SINGAPORE - There can be more easing of pandemic control measures, including the limit of five people for social gatherings, if everyone continues to work together and keep their guard up, Health Minister Gan Kim Yong said in Parliament on Monday (Oct 5).
Allowing larger groups to meet would allow bigger families or groups of friends to meet and have meals together, he said in response to questions from several MPs on the loosening of Covid-19 rules here.
Singapore has gradually eased some of its pandemic control measures over the past few months, leading some to question when the cap of five people for social activities - especially when eating out together - would be lifted.
Mr Gan said on Monday: "We are particularly concerned about dining, as we need to remove our masks so as to eat and drink, but we tend to also talk at the same time. The risk is considerably higher than activities which we can keep our masks on and maintain a safe distance."
He pointed out that Singapore has already made big steps towards restoring economic and social activities - in a safe manner.
For instance, from Sept 28, more employees who have been working from home were allowed to return to their workplaces.
But in order to keep workplaces safe and minimise crowding, such employees are to continue to work from home for at least half their working time, with no more than 50 per cent of such employees at the workplace at any point in time.
Work-related events, including conferences, seminars, and meetings, have also been allowed to resume with a 50-person limit to reduce the risk of transmission.
The authorities have also taken steps to support the resumption of a few very targeted and specific areas, said Mr Gan.
These include the increase in group size limits for key life events such as weddings and religious activities to 100 people, but in multiple zones or time slots of at most 50 people each to limit potential risk exposure.
The Government had also earlier allowed the resumption of physical exercise classes in common community spaces, and an increase in capacity for cinemas and leisure attractions such as the Singapore Zoo and Bird Park.
Museums and libraries have also reopened, and small-scale live performances are being trialled to prepare Singapore to eventually be able to resume such activities safely, added Mr Gan.
He added that the authorities here are being careful in reopening society, as they have learnt from the experiences of other countries.
"When restrictions are lifted prematurely, or too hastily, a resurgence of cases may occur, resulting in partial reimposition of restrictions. On the other hand, it is not sustainable to maintain tight restrictions for a prolonged period, which will severely impact our economy and our lives," he said.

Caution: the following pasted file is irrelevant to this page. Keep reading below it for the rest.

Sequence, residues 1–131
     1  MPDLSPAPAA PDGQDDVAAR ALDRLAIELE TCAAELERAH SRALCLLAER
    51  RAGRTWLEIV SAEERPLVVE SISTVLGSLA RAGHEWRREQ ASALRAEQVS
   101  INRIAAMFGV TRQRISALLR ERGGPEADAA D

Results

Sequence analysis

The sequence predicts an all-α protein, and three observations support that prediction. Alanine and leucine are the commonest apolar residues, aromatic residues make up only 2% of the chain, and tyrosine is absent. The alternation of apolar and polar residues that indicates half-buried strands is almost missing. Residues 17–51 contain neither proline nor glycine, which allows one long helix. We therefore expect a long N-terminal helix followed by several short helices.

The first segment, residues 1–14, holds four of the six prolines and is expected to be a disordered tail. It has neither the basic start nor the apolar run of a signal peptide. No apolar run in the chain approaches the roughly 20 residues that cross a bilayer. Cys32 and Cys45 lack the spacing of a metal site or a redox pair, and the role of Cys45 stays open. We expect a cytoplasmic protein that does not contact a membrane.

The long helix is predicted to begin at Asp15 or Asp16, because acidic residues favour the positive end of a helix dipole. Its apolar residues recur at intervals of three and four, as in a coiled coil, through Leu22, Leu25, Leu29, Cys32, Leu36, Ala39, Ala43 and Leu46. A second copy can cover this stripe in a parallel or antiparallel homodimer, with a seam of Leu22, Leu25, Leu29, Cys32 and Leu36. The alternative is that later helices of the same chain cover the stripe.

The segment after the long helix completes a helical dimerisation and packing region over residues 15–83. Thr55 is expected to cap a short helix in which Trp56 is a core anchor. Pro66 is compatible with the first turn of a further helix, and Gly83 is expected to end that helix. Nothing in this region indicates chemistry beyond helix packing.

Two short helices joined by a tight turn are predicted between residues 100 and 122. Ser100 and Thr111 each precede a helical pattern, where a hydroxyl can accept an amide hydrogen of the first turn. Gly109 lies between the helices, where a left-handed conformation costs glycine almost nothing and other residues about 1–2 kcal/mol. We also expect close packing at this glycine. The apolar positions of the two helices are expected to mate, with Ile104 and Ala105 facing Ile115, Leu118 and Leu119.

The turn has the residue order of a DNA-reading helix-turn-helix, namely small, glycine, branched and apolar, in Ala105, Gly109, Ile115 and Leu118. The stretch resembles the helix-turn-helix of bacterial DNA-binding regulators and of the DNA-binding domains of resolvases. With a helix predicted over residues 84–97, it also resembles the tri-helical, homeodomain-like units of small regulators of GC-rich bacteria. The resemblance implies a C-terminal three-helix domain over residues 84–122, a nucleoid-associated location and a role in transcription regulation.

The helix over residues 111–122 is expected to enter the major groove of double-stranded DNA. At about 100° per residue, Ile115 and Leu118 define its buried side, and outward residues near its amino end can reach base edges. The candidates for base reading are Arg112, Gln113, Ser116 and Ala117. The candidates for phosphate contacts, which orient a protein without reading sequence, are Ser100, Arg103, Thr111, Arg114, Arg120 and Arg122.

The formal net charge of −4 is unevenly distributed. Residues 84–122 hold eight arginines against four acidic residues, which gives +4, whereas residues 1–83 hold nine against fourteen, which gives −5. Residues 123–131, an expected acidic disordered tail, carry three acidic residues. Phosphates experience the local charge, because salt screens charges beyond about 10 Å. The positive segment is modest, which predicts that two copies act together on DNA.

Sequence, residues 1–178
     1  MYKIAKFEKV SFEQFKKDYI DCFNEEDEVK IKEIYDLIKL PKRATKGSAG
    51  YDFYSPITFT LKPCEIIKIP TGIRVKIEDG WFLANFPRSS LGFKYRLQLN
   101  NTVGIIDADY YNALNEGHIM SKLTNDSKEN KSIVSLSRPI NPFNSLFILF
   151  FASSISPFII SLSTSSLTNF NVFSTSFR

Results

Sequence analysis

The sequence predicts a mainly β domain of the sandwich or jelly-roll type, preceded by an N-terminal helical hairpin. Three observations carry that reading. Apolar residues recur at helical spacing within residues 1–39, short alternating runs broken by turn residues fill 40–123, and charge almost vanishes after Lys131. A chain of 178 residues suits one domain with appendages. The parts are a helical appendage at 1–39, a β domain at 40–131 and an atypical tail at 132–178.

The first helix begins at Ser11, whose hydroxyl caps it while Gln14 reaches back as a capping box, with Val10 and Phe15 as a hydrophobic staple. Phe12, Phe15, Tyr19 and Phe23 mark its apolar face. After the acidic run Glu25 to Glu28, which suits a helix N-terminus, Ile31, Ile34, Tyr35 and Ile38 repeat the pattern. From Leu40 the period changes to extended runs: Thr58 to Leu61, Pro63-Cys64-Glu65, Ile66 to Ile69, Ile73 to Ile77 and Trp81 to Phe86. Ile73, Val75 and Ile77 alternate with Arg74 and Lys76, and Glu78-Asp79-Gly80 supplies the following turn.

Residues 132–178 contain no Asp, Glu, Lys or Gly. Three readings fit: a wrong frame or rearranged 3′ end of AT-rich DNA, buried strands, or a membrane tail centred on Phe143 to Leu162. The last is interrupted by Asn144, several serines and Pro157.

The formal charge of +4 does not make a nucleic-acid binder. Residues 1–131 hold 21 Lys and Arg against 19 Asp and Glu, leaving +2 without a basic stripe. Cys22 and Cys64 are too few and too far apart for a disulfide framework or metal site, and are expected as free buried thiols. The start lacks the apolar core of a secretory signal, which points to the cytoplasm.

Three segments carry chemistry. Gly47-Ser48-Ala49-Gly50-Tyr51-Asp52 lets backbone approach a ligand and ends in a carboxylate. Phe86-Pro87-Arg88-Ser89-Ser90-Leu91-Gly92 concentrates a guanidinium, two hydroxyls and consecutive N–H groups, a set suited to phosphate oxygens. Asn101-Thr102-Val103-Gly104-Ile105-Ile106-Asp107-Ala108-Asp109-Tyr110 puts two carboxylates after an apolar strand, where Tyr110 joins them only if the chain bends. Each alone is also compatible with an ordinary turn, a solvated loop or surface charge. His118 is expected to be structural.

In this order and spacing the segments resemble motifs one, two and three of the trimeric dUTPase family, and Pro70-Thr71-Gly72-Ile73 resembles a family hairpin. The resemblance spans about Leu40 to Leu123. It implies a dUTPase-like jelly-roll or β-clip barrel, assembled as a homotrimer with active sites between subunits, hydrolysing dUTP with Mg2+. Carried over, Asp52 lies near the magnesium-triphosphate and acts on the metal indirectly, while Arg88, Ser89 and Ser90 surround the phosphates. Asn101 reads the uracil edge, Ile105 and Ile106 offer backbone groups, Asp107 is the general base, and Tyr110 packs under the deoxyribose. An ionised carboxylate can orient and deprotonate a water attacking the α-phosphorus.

So the Government has taken a carefully calibrated approach in moving towards phase three, and will share more details in the coming weeks.
Minister for Education Lawrence Wong also said earlier on Monday that his ministry is studying how to resume more activities, and will share more details when ready.
But Mr Gan cautioned: "The low number of community cases currently is not accidental but has come about due to our collective hard work and sacrifices. Even as we move towards phase three, the new normal will be different from what we were used to in the pre-Covid days."
He added: "As overseas travel restrictions are progressively eased and more activities resume, it has become even more critical that each of us plays our part to exercise social responsibility and adhere to the safe management measures, in order to keep our family and friends safe."
Source: The Straits Times © Singapore Press Holdings Limited. Reproduced with permission.
The views, material and information presented by any third party are strictly the views of such third party. Without prejudice to any third party content or materials whatsoever are provided for information purposes and convenience only. Council For The Third Age shall not be responsible or liable for any loss or damage whatsoever arising directly or indirectly howsoever in connection with or as a result of any person accessing or acting on any information contained in such content or materials. The presentation of such information by third parties on this Council For The Third Age website does not imply and shall not be construed as any representation, warranty, endorsement or verification by Council For The Third Age in respect of such content or materials.